You’d be hard pressed to think of a more sellable elevator pitch than “Jason Statham Vs. Dinosaur Shark.” A cup of star power, a teaspoon of Sy Fy channel and a bucketload of CGI. What could go wrong? Unfortunately, veteran shlock master Jon Turteltaub (National Treasure, 3 Ninjas) is all too concerned with that question. He can’t seem to decide exactly what he wants to do with a B-Picture that should write itself. He debates between a spooky gore fest, a campy thrills and chills stunt show and a deliberately paced ocean exploration flick but ultimately doesn’t take a deep enough dive into any of them.
His biggest asset is Jason Statham, who’s increased awareness of how silly his hyper machismo persona is has made him a considerably better leading man. He’s still the bad ass we know and love, but he gives us that service with a smile. Even when he’s brooding under a beer bottle in the first act, deeply tormented by the loss of his crew members years earlier, he’s cracking jokes as fast as bottlecaps. It’s the perfect performance for something this goofy, especially when he gets to relish in firing off a classically goofy moment like telling the “ugly bastard” to chew on his submarine.
The same cannot be said for the rest of the cast, who alternate between being underwritten and annoying. The worst offender by far is Rainn Wilson’s cocky billionaire who funds the expedition, who exists either to crack one liners scarier than any fish in the sea or to point out things the audience can already see. Cliff Curtis and Ruby Rose get hardly anything to do, while Bingbing Li’s fun chemistry with Statham is often undercut by how little she measures up to him in the action sequences. While the script repeatedly insists that she’s a very accomplished and capable person, Turteltaub constantly makes her a damsel in distress for Statham to dive into the water and save.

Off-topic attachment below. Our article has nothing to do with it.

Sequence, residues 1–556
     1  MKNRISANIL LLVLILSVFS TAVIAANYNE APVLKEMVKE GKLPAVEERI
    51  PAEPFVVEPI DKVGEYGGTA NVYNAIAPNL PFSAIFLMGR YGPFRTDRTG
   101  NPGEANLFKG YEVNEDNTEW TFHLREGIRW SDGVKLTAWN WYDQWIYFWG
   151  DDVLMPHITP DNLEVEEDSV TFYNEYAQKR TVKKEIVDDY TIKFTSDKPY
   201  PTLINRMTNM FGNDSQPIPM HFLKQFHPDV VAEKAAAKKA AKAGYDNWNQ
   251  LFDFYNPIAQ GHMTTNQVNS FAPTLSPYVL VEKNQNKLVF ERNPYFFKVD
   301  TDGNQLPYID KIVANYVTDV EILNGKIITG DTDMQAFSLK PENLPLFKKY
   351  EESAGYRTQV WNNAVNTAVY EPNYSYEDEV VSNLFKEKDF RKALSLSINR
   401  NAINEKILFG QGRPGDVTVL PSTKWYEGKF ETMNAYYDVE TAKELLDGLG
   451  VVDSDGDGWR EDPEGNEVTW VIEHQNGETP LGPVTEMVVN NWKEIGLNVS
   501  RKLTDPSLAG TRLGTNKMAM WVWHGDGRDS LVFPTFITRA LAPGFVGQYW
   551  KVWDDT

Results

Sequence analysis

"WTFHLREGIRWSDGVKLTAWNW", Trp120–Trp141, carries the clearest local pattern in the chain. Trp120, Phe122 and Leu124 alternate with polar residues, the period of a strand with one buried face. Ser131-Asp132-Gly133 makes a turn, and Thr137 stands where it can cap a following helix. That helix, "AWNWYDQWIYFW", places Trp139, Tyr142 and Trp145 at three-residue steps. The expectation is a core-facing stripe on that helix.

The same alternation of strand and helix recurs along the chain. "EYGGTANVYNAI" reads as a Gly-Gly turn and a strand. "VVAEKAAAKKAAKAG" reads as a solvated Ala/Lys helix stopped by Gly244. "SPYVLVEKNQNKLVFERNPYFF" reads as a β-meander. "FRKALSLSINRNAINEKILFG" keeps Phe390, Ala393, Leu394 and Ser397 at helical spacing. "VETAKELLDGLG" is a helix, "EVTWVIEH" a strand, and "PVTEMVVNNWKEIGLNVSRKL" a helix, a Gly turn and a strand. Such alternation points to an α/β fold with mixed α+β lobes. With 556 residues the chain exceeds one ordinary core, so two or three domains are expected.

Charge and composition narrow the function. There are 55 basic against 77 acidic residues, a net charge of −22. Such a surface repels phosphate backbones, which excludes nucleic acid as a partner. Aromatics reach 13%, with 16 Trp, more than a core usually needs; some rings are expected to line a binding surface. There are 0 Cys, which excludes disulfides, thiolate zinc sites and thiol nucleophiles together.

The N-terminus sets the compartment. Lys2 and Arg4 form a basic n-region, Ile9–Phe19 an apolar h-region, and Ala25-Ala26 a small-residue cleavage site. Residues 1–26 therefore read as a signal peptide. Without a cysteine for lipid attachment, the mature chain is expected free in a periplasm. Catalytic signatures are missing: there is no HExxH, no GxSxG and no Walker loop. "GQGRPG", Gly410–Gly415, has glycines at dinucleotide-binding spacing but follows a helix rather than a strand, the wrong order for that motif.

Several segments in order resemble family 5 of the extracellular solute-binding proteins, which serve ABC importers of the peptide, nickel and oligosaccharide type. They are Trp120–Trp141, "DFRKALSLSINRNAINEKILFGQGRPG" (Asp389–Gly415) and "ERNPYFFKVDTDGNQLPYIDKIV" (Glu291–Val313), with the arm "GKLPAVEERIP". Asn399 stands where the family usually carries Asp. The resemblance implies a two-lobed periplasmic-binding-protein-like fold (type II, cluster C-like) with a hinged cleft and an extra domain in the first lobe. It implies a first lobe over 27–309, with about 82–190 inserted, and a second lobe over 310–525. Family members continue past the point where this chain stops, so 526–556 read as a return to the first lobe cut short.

The Meg is only as entertaining as the movie it’s trying to be at the time. The first half is dismally paced, with Turteltaub attempting to mimic Steven Spielberg’s knack for creature hiding as our characters take a long, long, long dive to the secret undersea world while our lovely shark resides. The problem is, we know exactly what this thing looks like, and are never under the illusion that it has any more majesty beyond being a giant CGI creature that eats stuff. So, when she spends 40 minutes essentially being the world’s hungriest bumper car, toying around with the submarines, it feels like filler. Although, filler would imply that she eats something, and that comes later.
It picks up a little momentum in the middle as Statham and CO try to fight The Meg on her own turf, but Turteltaub is oddly squeamish about embracing his creature’s abilities. It takes a long time for anybody to even get injured by her and when she does start eating folks, it’s mostly a bloodless affair. It only starts to provide an adequate amount of goofiness towards the end, where Statham and Li take The Meg on in small weaponized submarines that feel like something out of Star Wars. Sub Wars, if you will.
This would’ve likely been best served as a ninety minute, blood spattering, joke cracking roller coaster. While it obviously has some awareness of this, it still has a fool hearted notion that it should be all things to all people. I guess that makes it easy to swallow, and The Meg would certainly approve of that.